Monday, 24 November 2014

There are times ...

... when the only card to play is that of a batty old English lady who doesn't speak much French.

Lost in the middle of Montauban at lunchtime,  as I turned left at the traffic lights, I realised immediately I was heading towards Auch and I should have gone straight on towards Agen. But not to worry, there on my right was a large lay-by in front of the gendarmerie where I could turn the car round.  As I did so, I heard the sound of shouts and whistles and hooting of horns and found I was facing a row of oncoming cars. Not perhaps the best place to choose to do a U-turn in a one-way street.

This was the moment to play the only card.

I was lectured severely by two young, tough off-duty gendarmes setting off for lunch with their large fierce dogs who obviously thought I should not be driving at all.  Vita, barking loudly in the back, gave me all the encouragement she could, .

French honour and discipline satisfied, we were sent meekly on our way.

Two hours earlier, in the calm of a small white room among farm buildings, at the end of a long grassy track, another elderly lady bent over Vita, her hands working steadily and gently up and down Vita's spine. I'd arrived with my story of Airedale skin problems, slug pellet poisoning, losing weight, an epileptic fit, but my imperfect French was barely heard.  The patient was Vita and it was her body that told its tale.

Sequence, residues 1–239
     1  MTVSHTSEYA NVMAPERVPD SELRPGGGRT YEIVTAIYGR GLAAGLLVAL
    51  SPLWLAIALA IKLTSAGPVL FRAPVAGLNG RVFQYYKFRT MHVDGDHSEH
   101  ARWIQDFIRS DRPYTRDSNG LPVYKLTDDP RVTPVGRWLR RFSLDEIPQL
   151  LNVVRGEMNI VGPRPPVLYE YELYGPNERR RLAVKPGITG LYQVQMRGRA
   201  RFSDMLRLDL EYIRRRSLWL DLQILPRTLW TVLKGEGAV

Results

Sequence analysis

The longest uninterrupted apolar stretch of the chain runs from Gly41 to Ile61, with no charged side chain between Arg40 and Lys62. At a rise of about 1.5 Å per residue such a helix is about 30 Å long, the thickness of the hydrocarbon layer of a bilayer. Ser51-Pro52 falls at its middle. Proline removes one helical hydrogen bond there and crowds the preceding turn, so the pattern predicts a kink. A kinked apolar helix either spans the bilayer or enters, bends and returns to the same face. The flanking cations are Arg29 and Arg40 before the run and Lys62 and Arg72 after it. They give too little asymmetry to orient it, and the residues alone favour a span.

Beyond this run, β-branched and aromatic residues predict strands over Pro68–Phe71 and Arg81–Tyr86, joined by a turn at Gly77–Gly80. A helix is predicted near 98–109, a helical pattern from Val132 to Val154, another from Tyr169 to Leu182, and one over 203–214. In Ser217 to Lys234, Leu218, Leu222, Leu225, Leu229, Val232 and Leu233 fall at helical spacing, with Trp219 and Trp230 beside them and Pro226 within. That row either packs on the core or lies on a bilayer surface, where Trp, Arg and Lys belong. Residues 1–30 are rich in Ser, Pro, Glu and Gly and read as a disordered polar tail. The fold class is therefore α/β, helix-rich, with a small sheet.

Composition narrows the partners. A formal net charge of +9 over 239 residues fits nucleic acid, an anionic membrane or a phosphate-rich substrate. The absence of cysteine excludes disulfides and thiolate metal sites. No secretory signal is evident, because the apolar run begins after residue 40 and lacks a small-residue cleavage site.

Fortunately, not all elderly ladies are batty.  Some grow old gracefully and with great wisdom.

Tuesday, 4 November 2014

Our Glorious Indian Summer has Finally Gone

After two months of warmth, with sun and blue skies most days and only one extraordinary night of rain (flooded basements in town and piles of grey hailstones, like grit, in all the gulleys) the weather has finally broken.

For the last two days the valley has resounded to the noise of tractors in all directions - harrowing, sowing winter wheat and getting in the last of the maize as the rain clouds gathered.  The co-operative shed at the corner of the road where we turn left to go down into town was open late last night, lights blazing, as the great golden pile of kernels was shoveled into shelter by a truck like a snow plough.

These weeks have given us heart and a chance to work seriously on the boat; something for a time that seemed quite beyond our capabilities.  In the certainty of dry warm weather we've been sanding down, cleaning out badly cracked and leaking woodwork, filling holes and gaps and applying wood treatment.  The boat is a long way from being water-proofed (as we will no doubt find after last night's rain) but it feels like we are making progress.

In the meantime, the garden (limp, dusty and gasping for water) is breathing a sigh of relief.  There is more rain forecast, so there's a chance we will be able to plant new young trees down in the field before St Catherine's Day (November 25th). The French believe "A la Sainte Catherine, tout bois prend racine" [up to Saint Catherine's Day all wood takes root].

To get more trees planted - that too will be progress.

autumn tints